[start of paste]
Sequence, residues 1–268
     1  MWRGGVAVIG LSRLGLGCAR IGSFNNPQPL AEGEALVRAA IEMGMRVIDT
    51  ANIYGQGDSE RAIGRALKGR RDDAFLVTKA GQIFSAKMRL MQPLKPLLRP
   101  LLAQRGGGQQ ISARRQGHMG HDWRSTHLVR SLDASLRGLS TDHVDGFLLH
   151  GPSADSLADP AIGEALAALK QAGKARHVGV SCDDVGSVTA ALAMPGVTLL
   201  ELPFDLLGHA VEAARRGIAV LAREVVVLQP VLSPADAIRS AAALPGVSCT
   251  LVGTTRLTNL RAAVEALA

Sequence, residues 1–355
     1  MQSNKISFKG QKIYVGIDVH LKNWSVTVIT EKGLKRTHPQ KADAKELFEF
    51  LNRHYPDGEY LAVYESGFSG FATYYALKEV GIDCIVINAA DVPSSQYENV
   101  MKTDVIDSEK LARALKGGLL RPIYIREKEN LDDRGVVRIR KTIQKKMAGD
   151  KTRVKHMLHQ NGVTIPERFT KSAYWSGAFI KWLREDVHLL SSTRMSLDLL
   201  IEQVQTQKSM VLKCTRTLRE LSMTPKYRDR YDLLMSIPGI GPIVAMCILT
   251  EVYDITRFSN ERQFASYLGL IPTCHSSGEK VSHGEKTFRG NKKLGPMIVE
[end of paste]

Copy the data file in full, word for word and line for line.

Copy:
Sequence, residues 1–268
     1  MWRGGVAVIG LSRLGLGCAR IGSFNNPQPL AEGEALVRAA IEMGMRVIDT
    51  ANIYGQGDSE RAIGRALKGR RDDAFLVTKA GQIFSAKMRL MQPLKPLLRP
   101  LLAQRGGGQQ ISARRQGHMG HDWRSTHLVR SLDASLRGLS TDHVDGFLLH
   151  GPSADSLADP AIGEALAALK QAGKARHVGV SCDDVGSVTA ALAMPGVTLL
   201  ELPFDLLGHA VEAARRGIAV LAREVVVLQP VLSPADAIRS AAALPGVSCT
   251  LVGTTRLTNL RAAVEALA

Sequence, residues 1–355
     1  MQSNKISFKG QKIYVGIDVH LKNWSVTVIT EKGLKRTHPQ KADAKELFEF
    51  LNRHYPDGEY LAVYESGFSG FATYYALKEV GIDCIVINAA DVPSSQYENV
   101  MKTDVIDSEK LARALKGGLL RPIYIREKEN LDDRGVVRIR KTIQKKMAGD
   151  KTRVKHMLHQ NGVTIPERFT KSAYWSGAFI KWLREDVHLL SSTRMSLDLL
   201  IEQVQTQKSM VLKCTRTLRE LSMTPKYRDR YDLLMSIPGI GPIVAMCILT
   251  EVYDITRFSN ERQFASYLGL IPTCHSSGEK VSHGEKTFRG NKKLGPMIVE